Everyone is an expert on airfares and some actually know what they are talking about! Here are my thoughts.
1. Book well in advance – as soon as you have firm dates. The best prices are normally released normally about 9 months in advance, and as your departure date gets closer then prices will increase. Last minute specials occasionally occur but are rare these days.
2. Which days to travel? Generally not Friday, Saturday or even Sunday. To find seat availability for fares at the best prices look at departing your homeland Tuesday or Wednesday – or even Thursday. And if stopping over in Asia on way to Europe or USA the same days apply when you travel onward.
3. Using a travel agent or booking it yourself through an OTA (Online Travel Agent) site? If yours is a simple “point to point” international economy class fare then if you book on-line yourself through an OTA it will probably be cheaper than using a travel agent – you may save, perhaps $50 maximum. But be careful whom you choose. They need to be easily contactable and keep you informed on things like schedule changes. Choosing the very cheapest may be like choosing the cheapest brain surgeon – you may not like the result! Your holiday plans are too important to be entrusted to someone far away about whom you may know nothing! I will say much more in later blogs about the selecting an OTA.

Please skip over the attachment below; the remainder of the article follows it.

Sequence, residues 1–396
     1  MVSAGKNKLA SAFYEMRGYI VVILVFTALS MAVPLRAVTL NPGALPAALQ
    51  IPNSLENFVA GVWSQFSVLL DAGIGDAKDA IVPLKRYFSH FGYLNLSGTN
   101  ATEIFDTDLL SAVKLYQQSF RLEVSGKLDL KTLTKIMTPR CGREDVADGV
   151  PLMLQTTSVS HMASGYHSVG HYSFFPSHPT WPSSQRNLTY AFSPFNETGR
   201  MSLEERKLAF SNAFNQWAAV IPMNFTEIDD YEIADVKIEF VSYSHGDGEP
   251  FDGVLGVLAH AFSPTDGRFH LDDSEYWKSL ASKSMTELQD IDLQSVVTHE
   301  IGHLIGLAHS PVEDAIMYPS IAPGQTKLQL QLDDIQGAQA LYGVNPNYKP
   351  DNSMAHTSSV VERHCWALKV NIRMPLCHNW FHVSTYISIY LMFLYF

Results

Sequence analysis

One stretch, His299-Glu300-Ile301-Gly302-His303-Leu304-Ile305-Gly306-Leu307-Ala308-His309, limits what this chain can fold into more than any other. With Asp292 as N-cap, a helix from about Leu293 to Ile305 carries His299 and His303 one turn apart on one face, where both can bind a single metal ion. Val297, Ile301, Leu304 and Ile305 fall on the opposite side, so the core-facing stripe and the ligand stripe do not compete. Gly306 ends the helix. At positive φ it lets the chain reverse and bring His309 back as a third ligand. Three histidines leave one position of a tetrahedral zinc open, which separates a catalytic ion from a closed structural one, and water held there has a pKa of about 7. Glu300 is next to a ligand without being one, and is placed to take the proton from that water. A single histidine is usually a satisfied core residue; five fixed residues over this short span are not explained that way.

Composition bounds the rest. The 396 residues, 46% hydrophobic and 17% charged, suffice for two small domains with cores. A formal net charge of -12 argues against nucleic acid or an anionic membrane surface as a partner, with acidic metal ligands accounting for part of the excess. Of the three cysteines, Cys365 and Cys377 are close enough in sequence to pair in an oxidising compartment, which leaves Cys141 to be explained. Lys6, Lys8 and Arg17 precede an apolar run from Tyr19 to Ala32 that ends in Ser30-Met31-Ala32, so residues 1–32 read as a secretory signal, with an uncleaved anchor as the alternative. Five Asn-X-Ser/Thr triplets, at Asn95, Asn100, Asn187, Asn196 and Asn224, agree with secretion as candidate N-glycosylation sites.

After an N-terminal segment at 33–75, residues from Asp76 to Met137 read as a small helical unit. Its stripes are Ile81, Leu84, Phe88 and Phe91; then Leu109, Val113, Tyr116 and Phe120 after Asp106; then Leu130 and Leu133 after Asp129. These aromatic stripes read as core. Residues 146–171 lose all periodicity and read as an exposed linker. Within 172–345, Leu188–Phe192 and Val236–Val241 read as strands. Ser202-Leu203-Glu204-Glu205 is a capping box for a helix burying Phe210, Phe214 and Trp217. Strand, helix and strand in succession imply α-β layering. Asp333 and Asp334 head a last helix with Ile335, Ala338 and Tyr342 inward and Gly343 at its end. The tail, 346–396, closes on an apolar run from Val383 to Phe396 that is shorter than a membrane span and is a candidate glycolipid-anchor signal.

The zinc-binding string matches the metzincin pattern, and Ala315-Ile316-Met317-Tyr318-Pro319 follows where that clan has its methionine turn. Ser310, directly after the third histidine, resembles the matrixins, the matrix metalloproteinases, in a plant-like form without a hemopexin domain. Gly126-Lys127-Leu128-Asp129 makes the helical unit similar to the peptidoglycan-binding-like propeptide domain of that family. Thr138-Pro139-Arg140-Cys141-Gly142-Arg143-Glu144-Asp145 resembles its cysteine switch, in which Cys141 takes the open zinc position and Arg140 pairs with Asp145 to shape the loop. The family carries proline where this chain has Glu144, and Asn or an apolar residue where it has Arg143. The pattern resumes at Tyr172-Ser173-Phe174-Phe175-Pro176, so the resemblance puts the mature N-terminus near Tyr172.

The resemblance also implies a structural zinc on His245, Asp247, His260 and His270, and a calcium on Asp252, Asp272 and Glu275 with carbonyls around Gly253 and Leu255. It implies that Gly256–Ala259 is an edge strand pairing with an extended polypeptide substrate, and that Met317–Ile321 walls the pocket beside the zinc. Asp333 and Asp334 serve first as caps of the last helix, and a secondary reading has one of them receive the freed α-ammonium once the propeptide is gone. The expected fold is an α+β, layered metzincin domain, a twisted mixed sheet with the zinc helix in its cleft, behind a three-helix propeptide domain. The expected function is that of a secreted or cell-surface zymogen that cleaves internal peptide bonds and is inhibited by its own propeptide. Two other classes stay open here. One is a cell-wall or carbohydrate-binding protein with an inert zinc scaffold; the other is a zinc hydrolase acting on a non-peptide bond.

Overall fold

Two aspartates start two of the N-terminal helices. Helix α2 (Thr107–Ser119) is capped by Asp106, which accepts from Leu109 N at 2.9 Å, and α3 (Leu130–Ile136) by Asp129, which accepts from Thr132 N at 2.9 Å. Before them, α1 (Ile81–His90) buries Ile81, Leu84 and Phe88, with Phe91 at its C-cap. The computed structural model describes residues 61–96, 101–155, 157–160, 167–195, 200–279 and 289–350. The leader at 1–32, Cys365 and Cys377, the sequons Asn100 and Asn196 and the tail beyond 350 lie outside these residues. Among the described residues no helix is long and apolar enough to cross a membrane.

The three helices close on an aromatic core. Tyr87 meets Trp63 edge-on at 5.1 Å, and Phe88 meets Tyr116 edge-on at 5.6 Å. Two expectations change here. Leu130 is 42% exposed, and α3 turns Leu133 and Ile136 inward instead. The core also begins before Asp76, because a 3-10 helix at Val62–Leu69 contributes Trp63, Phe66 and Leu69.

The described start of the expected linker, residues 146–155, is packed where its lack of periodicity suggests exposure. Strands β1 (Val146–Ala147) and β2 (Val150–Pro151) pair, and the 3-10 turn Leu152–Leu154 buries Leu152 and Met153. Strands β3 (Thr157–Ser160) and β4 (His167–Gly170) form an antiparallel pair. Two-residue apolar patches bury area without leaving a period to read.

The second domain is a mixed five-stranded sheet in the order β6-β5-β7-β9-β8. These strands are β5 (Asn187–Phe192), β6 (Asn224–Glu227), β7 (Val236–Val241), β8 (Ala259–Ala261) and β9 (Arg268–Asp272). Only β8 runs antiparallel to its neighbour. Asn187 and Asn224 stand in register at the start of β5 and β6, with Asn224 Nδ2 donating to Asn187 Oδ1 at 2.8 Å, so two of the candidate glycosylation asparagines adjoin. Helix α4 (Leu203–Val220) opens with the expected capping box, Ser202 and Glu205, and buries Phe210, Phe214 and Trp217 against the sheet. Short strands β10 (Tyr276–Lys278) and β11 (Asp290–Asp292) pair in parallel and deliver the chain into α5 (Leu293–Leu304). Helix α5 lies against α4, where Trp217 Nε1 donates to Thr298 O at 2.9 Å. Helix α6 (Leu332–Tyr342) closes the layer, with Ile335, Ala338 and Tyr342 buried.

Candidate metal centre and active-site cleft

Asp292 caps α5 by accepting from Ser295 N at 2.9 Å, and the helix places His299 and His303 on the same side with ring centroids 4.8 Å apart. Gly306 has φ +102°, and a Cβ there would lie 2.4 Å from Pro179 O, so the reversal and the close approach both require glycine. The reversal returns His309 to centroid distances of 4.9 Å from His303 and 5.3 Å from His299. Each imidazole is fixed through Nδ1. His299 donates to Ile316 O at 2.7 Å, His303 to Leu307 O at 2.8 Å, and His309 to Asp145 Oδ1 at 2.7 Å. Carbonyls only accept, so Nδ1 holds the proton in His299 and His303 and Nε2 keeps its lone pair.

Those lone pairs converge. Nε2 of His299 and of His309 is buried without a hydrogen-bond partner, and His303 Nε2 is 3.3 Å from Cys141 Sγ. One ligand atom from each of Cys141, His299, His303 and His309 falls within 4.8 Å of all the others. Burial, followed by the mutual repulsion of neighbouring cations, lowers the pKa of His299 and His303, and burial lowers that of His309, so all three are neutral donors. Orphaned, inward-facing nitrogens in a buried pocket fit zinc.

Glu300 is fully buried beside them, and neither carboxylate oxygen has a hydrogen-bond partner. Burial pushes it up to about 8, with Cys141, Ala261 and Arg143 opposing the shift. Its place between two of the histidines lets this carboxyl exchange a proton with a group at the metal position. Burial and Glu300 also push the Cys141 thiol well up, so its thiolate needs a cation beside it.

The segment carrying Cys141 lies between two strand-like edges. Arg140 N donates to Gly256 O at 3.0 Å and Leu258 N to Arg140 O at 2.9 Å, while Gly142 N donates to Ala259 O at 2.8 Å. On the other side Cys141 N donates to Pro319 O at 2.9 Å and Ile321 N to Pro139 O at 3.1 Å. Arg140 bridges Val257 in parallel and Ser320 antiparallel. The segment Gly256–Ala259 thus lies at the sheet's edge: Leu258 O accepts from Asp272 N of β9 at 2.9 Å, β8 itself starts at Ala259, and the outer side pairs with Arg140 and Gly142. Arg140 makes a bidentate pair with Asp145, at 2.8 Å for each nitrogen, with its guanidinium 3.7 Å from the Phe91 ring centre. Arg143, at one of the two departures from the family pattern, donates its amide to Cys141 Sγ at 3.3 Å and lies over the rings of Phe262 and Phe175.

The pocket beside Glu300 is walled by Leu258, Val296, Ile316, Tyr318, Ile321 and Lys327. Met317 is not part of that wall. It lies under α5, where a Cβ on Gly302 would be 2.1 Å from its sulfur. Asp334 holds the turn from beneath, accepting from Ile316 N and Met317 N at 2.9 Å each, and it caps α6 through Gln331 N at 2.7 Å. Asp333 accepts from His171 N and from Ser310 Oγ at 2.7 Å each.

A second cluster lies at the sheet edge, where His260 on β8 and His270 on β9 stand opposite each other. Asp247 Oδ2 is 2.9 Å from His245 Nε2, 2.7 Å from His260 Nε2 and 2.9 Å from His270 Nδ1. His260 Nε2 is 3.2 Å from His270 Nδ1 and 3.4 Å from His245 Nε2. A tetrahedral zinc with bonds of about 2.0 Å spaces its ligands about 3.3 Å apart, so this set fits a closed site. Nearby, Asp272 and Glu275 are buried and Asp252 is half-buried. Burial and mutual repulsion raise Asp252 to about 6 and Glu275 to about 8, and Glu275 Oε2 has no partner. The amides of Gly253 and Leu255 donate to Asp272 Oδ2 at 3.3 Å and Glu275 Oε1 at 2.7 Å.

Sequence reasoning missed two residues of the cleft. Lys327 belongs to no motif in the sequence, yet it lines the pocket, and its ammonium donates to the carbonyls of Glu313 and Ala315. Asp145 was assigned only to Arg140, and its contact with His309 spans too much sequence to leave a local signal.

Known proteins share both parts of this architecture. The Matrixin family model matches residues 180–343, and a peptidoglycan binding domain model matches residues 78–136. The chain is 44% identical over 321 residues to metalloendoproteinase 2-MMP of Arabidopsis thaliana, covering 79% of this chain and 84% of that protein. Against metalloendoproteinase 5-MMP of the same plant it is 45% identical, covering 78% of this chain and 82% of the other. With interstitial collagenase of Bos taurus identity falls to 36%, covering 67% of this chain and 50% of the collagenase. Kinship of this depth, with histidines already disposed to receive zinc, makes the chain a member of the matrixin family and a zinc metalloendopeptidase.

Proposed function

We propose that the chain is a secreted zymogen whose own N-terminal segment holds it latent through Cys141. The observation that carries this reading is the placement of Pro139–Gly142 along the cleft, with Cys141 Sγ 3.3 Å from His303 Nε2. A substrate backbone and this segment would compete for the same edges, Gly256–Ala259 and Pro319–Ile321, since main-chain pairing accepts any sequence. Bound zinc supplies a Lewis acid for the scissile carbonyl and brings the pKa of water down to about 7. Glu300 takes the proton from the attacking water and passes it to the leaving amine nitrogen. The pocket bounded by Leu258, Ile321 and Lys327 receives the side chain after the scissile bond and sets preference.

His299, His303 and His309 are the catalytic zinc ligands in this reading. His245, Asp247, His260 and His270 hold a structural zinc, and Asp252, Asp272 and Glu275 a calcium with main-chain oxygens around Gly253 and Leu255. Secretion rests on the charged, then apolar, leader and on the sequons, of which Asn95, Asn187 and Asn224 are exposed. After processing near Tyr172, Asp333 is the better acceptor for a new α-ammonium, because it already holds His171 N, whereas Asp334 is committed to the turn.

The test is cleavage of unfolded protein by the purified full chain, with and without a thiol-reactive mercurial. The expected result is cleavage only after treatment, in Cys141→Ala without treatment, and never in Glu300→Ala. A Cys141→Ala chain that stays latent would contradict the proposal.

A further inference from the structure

If your itinerary has a number of stops and is more complicated then find yourself a local travel agent who is a real airfares expert (they are around) and let them do it. They have a very sophisticated reservation system and will have fares and techniques at their fingertips that you will never find online and will save you money. I’ll say much more another time.
4. Try to secure a fare which will cover the total flight itinerary. Always look at all the flights that you are going to need and search for a fare which will do the lot – that is normally the cheapest way to go. A “through fare” to your final destination may allow you to stopover where you wish at no extra cost on the fare. Adding a number of sector fares to get to your final destination, even on budget carriers, often works out more expensive and can be fraught with danger if delays occur (as they often do) on the outgoing flight. Miss your connection and you’ve done your money and will be paying for another ticket. And what happens if either fight has time or even day changes after ticket issue so that they fail to connect? I’ll say much more in another blog.
5. Mixing Economy and Premium Economy Classes. If you have an itinerary where you may be using a combination of classes it is always best to have it all on the one ticket – it will probably give you extra baggage allowance and if delays occur and you miss flights then you can claim against the airline or your travel insurance company. The OTAs can do this to a very limited degree on fares that the airlines have already created. A good airfares expert travel agent can create them at will in their system, so consider using them for your special itinerary.